Chelsea are in preliminary discussions with Swiss architectural firm Herzog & de Meuron over plans to expand Stamford Bridge to nearer 60,000, reports The Guardian.
The Basel-based firm are best known for their work on Beijing's 91,000-seater Bird's Nest Olympic stadium and Bayern Munich's Allianz Arena. They will work with Chelsea officials to design a revamp of their current west London home.
Roman Abramovich has been trying to expand Chelsea's 41,837 capacity for years and has played around with the possibility of relocating. Sites at Earls Court, White City and Battersea Power Station have all been considered before the Russian oligarch ploughed on with plans to expand Stamford Bridge.
Lifschutz Davidson Sandilands will be working in conjunction with the firm to come up with initial designs for the bigger stadium. However, Stamford Bridge has serious social and ecological problems holding it back from growth.
A railway line and the busy Fulham Road boxes it in while nearby real estate is some of the most expensive in the country. But it seems that an expansion is now more likely than a permanent move out of the Fulham Broadway area.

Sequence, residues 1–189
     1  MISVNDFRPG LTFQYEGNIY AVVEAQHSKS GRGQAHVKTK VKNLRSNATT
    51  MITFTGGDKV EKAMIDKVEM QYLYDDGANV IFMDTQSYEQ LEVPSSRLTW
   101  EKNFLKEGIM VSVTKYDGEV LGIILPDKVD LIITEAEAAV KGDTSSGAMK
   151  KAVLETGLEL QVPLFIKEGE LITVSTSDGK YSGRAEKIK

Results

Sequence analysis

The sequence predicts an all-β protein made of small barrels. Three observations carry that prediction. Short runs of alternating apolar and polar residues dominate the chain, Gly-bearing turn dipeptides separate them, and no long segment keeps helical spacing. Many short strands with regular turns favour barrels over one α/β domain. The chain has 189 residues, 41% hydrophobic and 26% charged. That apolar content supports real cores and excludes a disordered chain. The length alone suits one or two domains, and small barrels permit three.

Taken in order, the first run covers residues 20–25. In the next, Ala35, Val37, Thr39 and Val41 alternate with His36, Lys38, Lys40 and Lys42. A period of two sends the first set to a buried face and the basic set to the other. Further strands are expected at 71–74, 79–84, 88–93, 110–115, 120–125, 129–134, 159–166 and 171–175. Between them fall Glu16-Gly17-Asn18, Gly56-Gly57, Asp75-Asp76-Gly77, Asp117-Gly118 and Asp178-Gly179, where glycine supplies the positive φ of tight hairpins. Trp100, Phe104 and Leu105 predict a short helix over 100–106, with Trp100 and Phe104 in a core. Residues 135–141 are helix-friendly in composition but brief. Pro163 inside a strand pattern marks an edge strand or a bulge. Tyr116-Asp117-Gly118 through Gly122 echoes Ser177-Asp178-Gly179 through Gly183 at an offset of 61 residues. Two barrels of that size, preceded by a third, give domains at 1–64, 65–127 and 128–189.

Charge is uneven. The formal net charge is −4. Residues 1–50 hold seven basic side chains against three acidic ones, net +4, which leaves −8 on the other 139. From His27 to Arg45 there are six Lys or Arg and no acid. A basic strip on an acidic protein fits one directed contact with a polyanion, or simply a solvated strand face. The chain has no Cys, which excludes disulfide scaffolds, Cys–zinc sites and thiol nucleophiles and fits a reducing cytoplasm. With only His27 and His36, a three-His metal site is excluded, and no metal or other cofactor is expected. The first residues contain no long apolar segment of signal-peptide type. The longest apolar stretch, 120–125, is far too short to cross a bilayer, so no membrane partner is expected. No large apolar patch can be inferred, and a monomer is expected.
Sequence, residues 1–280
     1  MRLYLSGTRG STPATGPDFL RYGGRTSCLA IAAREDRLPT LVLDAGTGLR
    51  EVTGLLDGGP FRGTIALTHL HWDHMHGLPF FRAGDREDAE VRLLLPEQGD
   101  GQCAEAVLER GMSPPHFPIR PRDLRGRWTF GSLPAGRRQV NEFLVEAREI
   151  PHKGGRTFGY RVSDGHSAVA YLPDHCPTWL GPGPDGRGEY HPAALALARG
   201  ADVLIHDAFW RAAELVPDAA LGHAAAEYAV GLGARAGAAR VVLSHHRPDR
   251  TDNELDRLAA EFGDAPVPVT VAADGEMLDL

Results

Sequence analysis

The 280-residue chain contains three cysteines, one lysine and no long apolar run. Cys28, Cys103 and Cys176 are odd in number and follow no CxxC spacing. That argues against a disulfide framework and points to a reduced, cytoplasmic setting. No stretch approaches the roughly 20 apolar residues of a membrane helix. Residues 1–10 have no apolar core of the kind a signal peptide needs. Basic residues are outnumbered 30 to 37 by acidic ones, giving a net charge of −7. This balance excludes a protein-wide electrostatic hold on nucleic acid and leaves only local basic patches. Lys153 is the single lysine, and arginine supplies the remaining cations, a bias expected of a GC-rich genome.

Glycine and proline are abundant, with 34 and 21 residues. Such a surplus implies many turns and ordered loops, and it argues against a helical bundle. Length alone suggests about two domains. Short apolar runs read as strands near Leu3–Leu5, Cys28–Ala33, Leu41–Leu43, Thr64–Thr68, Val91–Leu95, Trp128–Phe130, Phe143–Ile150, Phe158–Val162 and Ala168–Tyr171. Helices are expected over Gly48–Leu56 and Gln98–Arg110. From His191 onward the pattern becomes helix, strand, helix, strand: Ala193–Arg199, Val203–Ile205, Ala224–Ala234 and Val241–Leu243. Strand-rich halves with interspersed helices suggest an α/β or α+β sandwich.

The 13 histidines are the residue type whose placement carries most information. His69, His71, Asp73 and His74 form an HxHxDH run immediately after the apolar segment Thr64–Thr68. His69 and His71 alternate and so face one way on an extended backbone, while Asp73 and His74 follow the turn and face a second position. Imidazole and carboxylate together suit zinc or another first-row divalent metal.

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Financial fair play
Chelsea have made it their priority to expand their stadium in order to keep up with European and Premier League rivals. Uefa's financial fair play regulations have also made it important for clubs to generate as much matchday revenue as possible.
Arsenal's Emirates Stadium seats over 60,000 and generates over £3 million a game while Old Trafford seats more than 75,000. Even West Ham will out sell Chelsea in 2016/17 when they finally make a move to a 54,000 capacity Olympic Stadium in Stratford.
The Blues are reportedly considering a relocation to Twickenham while the renovation work transforms Stamford Bridge but no date is set for completion.
Chelsea's statement at the end of last season confirmed their intent to divulge how viable an expansion would be.
They said: "The study will also assess the feasibility of an expansion of the stadium within the existing historic site boundaries, potentially to enlarge its capacity, enhance its facilities and improve the movement of people and vehicles on match and non-matchdays."